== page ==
The Ferrers Arms
Everywhere you look in the house you will see the Ferrers coat of arms. It’s above the door as you enter, in the windows, on the fireplaces and even in the garden!
The arms were adopted by William Ferrers, 1st Baron Groby (1272-1325). They originally belonged to the de Quincy family, but that family died out in 1264 with the death of Roger de Quincy. William had married Roger’s eldest daughter and so became entitled to use the arms.
" Gules, seven mascles or conjoined 3,3,1 "
Much heraldic language derives from Norman French, so “gules” means red and “or” is gold. A “mascle” is a “voided lozenge” – a diamond shaped object with a diamond-shaped hole in the middle.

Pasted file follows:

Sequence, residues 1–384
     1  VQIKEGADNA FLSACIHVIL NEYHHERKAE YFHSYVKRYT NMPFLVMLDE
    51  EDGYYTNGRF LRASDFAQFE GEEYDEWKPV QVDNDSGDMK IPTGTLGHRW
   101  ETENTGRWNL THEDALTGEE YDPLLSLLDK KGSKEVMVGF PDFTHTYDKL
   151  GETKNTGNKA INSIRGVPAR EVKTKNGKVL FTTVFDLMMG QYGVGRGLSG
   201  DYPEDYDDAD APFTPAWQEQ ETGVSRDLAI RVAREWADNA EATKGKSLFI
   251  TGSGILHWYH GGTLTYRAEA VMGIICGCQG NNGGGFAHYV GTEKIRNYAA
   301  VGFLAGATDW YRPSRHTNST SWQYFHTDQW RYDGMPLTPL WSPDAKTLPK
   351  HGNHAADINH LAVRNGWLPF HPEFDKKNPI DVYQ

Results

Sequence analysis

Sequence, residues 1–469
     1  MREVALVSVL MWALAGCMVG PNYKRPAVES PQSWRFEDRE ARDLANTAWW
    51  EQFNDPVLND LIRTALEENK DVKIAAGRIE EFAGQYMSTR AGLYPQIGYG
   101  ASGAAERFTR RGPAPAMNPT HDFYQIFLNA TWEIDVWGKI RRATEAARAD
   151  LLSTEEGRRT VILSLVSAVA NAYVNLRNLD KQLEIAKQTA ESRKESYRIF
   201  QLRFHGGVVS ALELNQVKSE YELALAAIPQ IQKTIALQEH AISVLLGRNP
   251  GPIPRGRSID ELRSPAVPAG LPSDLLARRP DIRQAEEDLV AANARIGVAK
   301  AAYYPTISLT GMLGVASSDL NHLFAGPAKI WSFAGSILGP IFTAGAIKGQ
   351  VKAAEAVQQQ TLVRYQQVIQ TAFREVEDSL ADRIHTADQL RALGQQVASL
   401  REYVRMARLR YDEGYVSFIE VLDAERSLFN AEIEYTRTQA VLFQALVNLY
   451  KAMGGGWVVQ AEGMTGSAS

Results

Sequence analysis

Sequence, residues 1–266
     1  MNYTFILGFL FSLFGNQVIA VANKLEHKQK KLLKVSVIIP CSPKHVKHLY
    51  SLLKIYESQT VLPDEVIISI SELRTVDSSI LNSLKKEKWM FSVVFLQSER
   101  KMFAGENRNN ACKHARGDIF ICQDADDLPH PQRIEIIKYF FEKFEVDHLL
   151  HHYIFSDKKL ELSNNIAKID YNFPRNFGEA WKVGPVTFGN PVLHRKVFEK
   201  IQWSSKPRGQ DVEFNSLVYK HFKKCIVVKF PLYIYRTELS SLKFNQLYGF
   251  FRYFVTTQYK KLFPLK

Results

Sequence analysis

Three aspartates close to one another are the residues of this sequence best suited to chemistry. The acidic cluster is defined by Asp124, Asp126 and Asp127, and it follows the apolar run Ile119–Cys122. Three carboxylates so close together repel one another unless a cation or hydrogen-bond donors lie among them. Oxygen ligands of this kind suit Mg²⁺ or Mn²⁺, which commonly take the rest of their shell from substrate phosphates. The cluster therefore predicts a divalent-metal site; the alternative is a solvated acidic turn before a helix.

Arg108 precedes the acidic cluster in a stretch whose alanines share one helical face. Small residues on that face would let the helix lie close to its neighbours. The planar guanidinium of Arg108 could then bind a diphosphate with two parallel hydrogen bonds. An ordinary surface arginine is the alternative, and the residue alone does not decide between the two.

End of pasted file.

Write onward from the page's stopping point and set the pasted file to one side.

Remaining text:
Henry Ferrers the Antiquary started the tradition of installing stained glass windows to commemorate marriages with his own to Jane White in 1582. In this window the Ferrers arms are “impaled” with the White arms – the coat of arms is divided down the middle to show both families. Further family connections are shown as “quarterings”. This doesn’t necessarily mean divided in four, some can be very complex. There is a window in St Michael’s Church with no less than 32 quarterings!
St Michael’s church has many more examples of the arms, not least on the painted “table tomb” of Sir Edward Ferrers, who died in 1535.
A book called Heraldry at Baddesley Clinton by Dr. Bernard Juby, Clem Hindmarch and Mary Tweddle goes into much more detail on the subject and explains all the windows and other examples of the arms throughout the house. It is available from our bookshop.